Motionless synthetic waves, stains of futurism that break the rocky uniformity of a familiar landscape. The proportion of this celestial scenario is suggested only by the silhouette of a human figure who enters the frame, resembling a broken pixel on a screen. Like a shield that protects and keeps contained and unknown source of vitality and concern, the question about its effectiveness looms over like vultures flying over a forthcoming feast.

In 2021 for a few weeks, the mountains near the Tonale pass in Italy, and the Champs-Élysées in Paris have been bonded by something that has not been seen before; Huge monuments covered with hundreds of meters of immaculate sheets interrupt the surrounding grayness, sparkling under the sun's rays and reacting to every gust of wind like possessed sails. In France the packed monument was nothing other than the famous Arc de Triomphe, transformed by a group of volunteers into a posthumous work of art by the famous and dear departed artist Christo who made a life mission to pack giant objects. On the border between Lombardy and Trentino-Alto Adige with an operation of much more impressive dimensions, an attempt is being made to save a giant that has been dying for some decades now, under the lashes of the increasingly violent solar rays because of global warming: the Presena Glacier.
According to a well-established custom, which has been going on since 2008, every year, the slopes of this glacier are covered with geotextile sheets placed by the Pontedilegno-Tonale consortium to protect it from melting. These sheets are made of polyester and polypropylene fibers and are 3-4 millimeters thick. Lying on the glacier, they reflect sunlight and protect the underlying snow and ice layer from heat and ultraviolet rays. 25 meters long and 2 meters wide, they are placed in June and removed in September by specialized workers who, moving as equilibrists on the ice, unroll and sew together this huge blanket which, with the help of snow fired from ten snow cannons, protects and consolidates the glacier below (technically we speak of "ablation"). This summer, the sheets made it possible to save 2 meters of ice, in line with the trend of recent years.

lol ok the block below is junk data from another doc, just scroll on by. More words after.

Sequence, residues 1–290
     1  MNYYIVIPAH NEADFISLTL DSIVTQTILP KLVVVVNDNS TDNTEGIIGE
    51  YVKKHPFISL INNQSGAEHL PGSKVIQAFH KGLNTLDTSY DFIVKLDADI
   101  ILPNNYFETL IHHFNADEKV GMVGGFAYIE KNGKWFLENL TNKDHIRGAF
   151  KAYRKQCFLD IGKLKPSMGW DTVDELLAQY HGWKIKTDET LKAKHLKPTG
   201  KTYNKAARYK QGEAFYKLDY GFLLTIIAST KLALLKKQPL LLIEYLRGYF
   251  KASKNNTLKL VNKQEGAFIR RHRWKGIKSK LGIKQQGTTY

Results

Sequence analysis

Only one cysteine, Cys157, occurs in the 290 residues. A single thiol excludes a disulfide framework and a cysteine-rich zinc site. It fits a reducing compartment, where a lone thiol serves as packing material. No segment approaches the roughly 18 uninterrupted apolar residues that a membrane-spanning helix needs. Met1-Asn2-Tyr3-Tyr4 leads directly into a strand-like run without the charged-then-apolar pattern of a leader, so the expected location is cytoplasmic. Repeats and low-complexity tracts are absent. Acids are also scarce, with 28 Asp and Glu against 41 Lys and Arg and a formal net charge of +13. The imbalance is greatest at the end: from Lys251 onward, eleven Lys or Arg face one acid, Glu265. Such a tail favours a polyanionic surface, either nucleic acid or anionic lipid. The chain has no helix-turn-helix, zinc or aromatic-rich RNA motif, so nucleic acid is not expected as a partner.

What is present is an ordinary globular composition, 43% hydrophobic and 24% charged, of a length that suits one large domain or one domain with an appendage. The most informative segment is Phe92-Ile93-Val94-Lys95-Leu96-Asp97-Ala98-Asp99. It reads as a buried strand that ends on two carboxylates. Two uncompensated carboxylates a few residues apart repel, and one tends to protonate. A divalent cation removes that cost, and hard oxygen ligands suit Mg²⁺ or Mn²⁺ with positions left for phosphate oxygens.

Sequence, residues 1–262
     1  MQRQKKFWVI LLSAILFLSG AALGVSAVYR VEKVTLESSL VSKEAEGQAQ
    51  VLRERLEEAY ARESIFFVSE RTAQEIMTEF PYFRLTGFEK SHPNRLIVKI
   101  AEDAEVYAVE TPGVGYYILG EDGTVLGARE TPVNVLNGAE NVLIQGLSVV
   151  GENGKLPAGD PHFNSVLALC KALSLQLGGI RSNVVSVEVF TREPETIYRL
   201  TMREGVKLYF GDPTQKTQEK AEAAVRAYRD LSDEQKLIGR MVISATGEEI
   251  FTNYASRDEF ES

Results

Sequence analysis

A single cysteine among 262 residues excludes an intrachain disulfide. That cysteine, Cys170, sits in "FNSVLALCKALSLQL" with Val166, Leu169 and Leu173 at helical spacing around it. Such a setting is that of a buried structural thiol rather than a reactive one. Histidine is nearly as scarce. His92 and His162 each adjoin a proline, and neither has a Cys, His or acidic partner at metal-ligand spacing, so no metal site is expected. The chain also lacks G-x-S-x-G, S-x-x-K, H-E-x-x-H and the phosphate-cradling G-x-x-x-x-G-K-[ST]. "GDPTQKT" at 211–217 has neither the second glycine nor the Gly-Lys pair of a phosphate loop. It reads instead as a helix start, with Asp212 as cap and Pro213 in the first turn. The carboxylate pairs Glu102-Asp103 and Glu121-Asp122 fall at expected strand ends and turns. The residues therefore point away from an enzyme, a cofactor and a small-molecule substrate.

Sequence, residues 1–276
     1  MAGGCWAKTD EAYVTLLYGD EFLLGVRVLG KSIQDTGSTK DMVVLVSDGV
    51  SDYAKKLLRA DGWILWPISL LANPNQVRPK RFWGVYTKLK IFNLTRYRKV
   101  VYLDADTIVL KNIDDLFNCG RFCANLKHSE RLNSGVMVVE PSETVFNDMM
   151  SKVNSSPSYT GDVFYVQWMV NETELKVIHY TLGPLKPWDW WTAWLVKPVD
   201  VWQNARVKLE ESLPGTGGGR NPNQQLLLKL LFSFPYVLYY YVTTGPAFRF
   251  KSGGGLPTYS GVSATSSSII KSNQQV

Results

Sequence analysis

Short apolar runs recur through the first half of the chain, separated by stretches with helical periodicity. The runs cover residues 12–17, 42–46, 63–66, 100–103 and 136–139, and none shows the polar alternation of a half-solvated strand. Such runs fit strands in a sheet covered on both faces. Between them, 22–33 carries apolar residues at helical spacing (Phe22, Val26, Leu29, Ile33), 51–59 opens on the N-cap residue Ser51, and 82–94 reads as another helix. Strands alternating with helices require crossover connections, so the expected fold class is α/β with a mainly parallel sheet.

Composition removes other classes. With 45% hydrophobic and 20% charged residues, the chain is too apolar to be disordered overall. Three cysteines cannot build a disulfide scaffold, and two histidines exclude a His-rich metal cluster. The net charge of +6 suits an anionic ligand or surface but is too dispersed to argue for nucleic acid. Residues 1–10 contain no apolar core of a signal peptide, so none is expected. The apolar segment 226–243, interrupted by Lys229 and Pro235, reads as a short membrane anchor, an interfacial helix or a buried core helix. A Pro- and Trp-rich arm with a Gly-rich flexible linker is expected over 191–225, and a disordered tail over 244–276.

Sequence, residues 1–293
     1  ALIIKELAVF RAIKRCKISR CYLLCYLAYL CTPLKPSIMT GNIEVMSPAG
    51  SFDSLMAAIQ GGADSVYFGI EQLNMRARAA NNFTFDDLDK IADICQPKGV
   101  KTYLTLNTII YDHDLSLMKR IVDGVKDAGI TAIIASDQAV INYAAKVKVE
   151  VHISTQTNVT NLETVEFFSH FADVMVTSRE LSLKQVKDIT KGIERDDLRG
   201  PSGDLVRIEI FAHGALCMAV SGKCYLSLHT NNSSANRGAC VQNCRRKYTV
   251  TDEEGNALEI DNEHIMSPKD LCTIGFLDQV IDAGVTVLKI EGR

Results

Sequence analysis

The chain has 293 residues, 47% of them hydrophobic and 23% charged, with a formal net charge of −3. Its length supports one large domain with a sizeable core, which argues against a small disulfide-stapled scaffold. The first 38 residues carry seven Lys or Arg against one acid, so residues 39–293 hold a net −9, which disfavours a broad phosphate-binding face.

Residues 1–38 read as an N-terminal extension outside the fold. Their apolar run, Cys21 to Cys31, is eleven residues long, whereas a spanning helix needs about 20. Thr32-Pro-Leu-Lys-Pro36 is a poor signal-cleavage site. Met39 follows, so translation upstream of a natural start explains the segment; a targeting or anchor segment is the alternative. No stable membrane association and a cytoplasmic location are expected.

The melting of the glaciers shows no signs of subsiding but proceeds at an ever more pressing pace. As a recent study by the British University of Leeds published in Nature magazine found, polar ice melts six times faster than in the 1990s. The first geotextile sheets were installed in 2004 in the Swiss Alps and are currently used in a dozen sites in Italy, France, Austria and Germany.
This first chapter of my ongoing project has been possible thanks to Glac-UP a startup created with the aim to safeguard and enhance the most loved alpine glaciers, involving people, companies and local communities. To make this activity economically sustainable and take concrete action, the 4 founders of this start-up have developed a system that offers individuals and companies to invest, "adopting" square meter by square meter, portions of glacier, to buy the indispensable "sheets", place them and recover them at the end of the summer season, replacing them when they become ineffective.
The Presena glacier is the first to be affected by this operation and constitutes the starting point for testing and bringing this model of economic sustainability to the areas where the covering with geotextile sheets is already used but above all to those Alpine areas where such practice has not yet been adopted due to the very high cost.


Francesco was born in Aosta in 1986 and he’s based in Milan. After a bachelor's degree in industrial design at the Politecnico University of Milan, he completely devoted himself to photography and now he works mainly on personal long-term projects, always looking for a point of contact between his documentary background and a strong interest for metaphors and symbolism. In 2016 he was selected by the British Journal of Photography in order to be part of “The Talent Issue: Ones to Watch" and in 2020 Francesco was shortlisted for the “Prix HSBC pour la Photographie”. In 2021 he's been one of the nominees for the Leica Oskar Barnack Award.

His pictures have been published on important magazines and newspapers worldwide including Washington Post, Financial Times, Le Monde and many others while his projects have been featured on renowned photography platforms as American Suburb X and Time Lightbox. Francesco’s work has been exhibited worldwide in collective and solo shows.

Francesco’s first book “The Flood”, published by Void, has been released in 2021.
IG: francescomerlini

Words by Erika Giulietti
Post coordination by Vincent Urbani